At the LASYS 2018, from June 5th to 7th, the Laser Zentrum Hannover e.V. (LZH) will be showcasing processes for the laser material processing of tomorrow in hall 4 at stand 4E75. With blown bomb shells the LZH will present first results of a research project on civil security.
At this year's LASYS, the LZH will exhibit light-based processes such as cutting, welding, ablation and structuring as well as additive manufacturing for...
There are videos on the internet that can make one marvel at technology. For example, a smartphone is casually bent around the arm or a thin-film display is rolled in all directions and with almost every diameter. From the user's point of view, this looks fantastic. From a professional point of view, however, the question arises: Is that already possible?
At Display Week 2018, scientists from the Fraunhofer Institute for Applied Polymer Research IAP will be demonstrating today’s technological possibilities and...
So-called quantum many-body scars allow quantum systems to stay out of equilibrium much longer, explaining experiment | Study published in Nature Physics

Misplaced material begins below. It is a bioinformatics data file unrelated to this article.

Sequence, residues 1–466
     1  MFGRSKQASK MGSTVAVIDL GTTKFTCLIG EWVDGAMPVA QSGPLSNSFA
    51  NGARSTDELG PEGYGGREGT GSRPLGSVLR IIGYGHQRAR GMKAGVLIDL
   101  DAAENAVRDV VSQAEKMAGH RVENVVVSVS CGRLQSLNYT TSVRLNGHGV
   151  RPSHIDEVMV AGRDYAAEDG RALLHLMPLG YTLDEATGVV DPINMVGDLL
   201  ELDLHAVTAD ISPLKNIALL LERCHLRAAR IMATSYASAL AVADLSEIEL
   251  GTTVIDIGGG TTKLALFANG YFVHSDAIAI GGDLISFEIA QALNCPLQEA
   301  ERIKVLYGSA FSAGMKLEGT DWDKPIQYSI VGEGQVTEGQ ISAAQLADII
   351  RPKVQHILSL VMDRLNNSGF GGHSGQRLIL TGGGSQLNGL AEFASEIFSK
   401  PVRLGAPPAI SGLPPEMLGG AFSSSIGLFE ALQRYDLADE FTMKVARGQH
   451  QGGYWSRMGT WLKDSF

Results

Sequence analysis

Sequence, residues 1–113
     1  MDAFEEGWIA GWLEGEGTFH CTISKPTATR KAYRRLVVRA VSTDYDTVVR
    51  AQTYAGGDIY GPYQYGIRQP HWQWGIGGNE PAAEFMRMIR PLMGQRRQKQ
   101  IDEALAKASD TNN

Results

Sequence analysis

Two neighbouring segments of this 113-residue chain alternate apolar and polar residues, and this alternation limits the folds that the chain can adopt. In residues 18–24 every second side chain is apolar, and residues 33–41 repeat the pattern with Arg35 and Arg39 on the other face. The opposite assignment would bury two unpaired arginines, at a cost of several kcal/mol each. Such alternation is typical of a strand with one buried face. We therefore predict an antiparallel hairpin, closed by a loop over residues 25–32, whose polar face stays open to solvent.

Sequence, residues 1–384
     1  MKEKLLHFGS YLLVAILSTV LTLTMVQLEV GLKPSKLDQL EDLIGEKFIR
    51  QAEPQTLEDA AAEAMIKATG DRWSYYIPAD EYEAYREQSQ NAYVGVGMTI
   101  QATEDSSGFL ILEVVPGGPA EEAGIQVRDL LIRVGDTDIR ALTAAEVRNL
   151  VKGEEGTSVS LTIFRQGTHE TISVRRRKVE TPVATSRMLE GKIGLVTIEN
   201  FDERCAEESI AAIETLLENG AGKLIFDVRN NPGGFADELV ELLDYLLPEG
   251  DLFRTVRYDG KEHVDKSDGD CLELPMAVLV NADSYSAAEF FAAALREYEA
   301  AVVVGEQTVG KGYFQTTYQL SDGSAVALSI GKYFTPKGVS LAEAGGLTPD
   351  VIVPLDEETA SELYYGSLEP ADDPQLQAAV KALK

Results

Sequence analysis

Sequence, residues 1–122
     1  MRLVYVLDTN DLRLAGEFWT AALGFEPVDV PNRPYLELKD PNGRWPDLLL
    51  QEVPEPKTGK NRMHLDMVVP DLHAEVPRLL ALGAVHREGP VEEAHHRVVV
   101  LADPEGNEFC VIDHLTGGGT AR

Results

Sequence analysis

Recently, researchers from Harvard and MIT succeeded in trapping a record 53 atoms and individually controlling their quantum state, realizing what is called a...
The historic first detection of gravitational waves from colliding black holes far outside our galaxy opened a new window to understanding the universe. A...
02.05.2018 | Event News
13.04.2018 | Event News
12.04.2018 | Event News
24.05.2018 | Ecology, The Environment and Conservation
24.05.2018 | Medical Engineering
24.05.2018 | Physics and Astronomy